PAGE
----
One of her paintings of a nine year old boy crying on a funeral of a teenager who was killed during an encounter in south Kashmir went viral last year. She had shared the picture on her Instagram, from where it was picked up and widely circulated.


(Jasia Iqbal’s crying boy painting)

The caption read “stories of unending grief continue to surge”.

The picture -- of Kashmiri boy with tears rolling down his cheeks -- became the face of suffering sweeping the region and Jasia expressed the sentiment perfectly through her art.

Jasia describes art as one of the most impactful forms of resistance. She speaks about the variety of hues and their symbolic representations and the volumes of emotions conveyed.

“For me it’s not just the pencil on my canvas, it’s a combination of everything that helps me create an aura on the canvas to promote a cause or to resist the oppression,” she adds.

Hina Arif


Someone has rightly said , "conflict is a place where art thrives the most." The statement is true for 24 year Hina Arif who categorically speaks about how Kashmir as a conflict hit zone has affected her and her art.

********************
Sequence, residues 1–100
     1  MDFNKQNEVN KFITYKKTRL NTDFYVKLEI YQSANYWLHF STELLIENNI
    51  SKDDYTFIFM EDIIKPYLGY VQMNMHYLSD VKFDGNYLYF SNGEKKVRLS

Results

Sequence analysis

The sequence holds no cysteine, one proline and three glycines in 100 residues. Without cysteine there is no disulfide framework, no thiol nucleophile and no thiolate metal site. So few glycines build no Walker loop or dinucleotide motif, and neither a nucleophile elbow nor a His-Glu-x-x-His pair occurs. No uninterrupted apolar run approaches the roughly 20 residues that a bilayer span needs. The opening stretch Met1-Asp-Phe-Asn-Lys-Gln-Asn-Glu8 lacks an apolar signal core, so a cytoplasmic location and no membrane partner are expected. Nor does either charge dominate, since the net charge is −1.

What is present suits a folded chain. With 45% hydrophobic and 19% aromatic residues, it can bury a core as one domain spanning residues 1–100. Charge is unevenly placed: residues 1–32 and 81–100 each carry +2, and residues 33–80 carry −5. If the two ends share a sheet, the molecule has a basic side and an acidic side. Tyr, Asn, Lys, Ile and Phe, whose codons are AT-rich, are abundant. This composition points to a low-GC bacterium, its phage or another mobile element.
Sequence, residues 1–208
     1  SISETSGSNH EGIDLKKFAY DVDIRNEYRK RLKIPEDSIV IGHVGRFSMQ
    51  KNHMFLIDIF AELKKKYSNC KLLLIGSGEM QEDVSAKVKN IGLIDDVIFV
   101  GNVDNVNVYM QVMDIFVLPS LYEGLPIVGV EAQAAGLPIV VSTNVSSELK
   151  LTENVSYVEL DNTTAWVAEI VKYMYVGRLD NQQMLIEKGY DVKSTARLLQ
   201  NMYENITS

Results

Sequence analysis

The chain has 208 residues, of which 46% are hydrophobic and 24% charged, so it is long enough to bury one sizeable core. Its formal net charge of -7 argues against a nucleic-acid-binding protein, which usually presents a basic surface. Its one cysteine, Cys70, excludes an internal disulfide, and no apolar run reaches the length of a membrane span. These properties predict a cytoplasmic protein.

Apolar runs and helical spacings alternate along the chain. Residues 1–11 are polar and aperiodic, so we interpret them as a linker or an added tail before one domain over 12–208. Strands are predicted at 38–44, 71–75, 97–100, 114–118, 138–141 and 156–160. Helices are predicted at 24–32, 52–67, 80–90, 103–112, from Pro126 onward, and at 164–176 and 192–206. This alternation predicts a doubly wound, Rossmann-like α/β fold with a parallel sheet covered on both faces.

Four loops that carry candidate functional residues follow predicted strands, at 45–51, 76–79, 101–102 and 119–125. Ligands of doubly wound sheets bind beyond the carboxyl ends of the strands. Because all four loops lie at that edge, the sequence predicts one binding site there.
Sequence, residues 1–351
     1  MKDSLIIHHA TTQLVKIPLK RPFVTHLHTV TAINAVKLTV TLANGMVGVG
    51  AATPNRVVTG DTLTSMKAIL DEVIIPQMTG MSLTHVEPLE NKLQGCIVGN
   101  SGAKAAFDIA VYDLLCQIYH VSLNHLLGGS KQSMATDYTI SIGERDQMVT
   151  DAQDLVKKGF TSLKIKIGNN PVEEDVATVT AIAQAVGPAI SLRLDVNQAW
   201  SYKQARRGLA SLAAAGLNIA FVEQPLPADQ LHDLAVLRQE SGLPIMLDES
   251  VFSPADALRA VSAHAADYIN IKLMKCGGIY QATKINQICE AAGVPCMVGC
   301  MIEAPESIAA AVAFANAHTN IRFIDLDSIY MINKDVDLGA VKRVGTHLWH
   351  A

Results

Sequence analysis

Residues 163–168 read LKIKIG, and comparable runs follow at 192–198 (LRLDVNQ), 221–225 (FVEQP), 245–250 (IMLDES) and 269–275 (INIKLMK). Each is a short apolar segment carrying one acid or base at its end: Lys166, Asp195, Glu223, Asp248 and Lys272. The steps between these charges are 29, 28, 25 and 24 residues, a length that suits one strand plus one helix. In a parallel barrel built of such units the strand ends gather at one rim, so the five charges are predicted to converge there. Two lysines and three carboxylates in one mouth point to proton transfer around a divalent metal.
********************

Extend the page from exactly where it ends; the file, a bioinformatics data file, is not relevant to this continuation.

“Earlier I used to draw landscapes and sceneries , but after the unrests of 2008, 2010 and recently 2016, something changed; it changed me inside out. I felt suffocated in the smoke of turmoil. I was not just the same girl. I was an artist in conflict.”

Hina is an artist whose work is the reflection of what it is like to be from the land of conflict. She has a Master’s in Applied art form from Jamia Millia Islamia, New Delhi.

She has been working on many art series related to conflict and human rights violations. Her work on Kashmir’s pellet victims sends a very strong and emotional message through her imaginative and artistic skills.

Hina draws powerful portraits depicting pain in conflict hit Kashmir. She drew a portrait of a 2016 pellet victim Insha Malik, who was hit in her eyes by pellets when she was watching protests from the window of her house in South Kashmir’s Shopian.

The portrait became the symbol of the sufferings of Kashmir’s pellet victims who lost their eyes to these so called-non lethal weapons.

Hina shared the portrait on her Instagram with the powerful caption “They say it is a non-lethal weapon.”


(Portrait of a pellet victim by Hina Arif)